Marriage, Adultery and Inheritance in Malory's Morte Darthur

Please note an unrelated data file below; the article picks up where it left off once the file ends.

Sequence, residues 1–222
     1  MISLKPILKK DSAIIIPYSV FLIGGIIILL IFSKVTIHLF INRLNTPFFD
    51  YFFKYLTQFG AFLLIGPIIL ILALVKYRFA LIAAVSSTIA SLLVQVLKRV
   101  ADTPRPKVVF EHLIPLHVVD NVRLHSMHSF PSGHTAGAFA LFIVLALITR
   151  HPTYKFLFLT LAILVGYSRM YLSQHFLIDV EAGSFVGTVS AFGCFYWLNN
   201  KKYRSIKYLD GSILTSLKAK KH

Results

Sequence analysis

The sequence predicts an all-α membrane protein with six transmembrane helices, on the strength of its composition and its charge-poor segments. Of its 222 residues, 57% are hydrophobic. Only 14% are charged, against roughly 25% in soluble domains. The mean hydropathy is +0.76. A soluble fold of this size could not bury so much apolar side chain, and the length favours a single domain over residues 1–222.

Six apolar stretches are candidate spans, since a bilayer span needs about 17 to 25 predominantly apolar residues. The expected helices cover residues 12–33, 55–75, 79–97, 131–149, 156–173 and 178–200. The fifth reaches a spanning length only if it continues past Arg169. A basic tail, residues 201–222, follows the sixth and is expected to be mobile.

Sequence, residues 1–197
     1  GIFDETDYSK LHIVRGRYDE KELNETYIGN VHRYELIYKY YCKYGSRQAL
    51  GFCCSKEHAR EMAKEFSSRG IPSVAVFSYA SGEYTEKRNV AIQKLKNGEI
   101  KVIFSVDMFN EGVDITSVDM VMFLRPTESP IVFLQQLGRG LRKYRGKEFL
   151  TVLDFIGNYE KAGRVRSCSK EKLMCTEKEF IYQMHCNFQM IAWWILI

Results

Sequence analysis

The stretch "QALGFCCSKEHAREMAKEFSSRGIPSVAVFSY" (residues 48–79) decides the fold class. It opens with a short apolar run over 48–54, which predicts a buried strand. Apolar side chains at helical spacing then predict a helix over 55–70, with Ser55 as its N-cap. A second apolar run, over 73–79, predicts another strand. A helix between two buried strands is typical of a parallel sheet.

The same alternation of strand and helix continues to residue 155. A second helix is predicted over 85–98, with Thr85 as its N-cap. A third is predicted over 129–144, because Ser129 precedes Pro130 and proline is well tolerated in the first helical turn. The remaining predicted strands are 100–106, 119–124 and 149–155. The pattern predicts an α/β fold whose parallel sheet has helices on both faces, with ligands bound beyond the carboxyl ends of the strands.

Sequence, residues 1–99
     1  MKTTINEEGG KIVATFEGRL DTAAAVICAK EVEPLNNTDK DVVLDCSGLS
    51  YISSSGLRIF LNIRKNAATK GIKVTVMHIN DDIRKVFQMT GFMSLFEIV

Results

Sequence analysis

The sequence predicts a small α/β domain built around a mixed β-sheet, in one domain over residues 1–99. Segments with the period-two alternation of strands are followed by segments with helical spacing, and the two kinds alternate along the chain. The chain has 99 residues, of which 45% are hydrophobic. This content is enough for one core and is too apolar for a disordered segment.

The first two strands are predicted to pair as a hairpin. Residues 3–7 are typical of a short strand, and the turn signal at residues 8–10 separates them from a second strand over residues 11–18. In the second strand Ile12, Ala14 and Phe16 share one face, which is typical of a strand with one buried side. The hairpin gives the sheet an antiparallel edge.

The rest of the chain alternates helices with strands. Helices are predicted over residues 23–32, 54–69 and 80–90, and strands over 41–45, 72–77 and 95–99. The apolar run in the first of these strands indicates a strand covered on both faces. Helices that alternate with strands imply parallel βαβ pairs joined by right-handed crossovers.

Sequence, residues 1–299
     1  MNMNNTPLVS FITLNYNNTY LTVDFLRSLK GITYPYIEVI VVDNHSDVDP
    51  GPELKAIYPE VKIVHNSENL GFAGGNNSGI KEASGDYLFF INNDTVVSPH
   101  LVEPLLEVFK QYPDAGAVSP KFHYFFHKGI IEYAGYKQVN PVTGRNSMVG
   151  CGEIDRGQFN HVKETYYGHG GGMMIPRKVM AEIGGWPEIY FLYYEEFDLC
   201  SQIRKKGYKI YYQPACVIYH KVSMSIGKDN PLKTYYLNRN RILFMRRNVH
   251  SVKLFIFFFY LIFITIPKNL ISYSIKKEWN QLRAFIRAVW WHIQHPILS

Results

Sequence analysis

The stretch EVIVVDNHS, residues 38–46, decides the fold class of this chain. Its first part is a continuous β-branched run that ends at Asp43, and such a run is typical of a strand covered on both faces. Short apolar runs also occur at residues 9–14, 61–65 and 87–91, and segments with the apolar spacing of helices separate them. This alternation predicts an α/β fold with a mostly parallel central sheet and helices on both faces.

Marriage in the middle ages encompassed two crucial but sometimes conflicting dimensions: a private companionate relationship, and a public social institution, the means whereby heirs were produced and land, wealth, power and political rule were transferred. This new study examines the concept of marriage as seen in the ‘Morte Darthur’, moving beyond it to look at `adulterous' and other male/female relationships, and their impact on the world of the Round Table in general. Key points addressed are the compromise achieved in the `Tale of Sir Gareth' between natural, youthful passion and the gentry's pragmatic view of marriage; the problems of King Arthur's marriage in light of both political need and the difficulty of the queen's infertility and adultery; and the repercussions of Lancelot's adultery in the tragedies of two marriageable daughters, Elaine of Astolat and Elaine of Corbin. Finally, the author reveals and considers in detail [focusing on dynastic dysfunction in three generations of Pendragon men: Uther, Arthur and Mordred] the myth of benevolent paternity by which men, whether born legitimate of bastard, were united through the Round Table. KAREN CHEREWATUK is Professor of English at St Olaf College, Minnesota.
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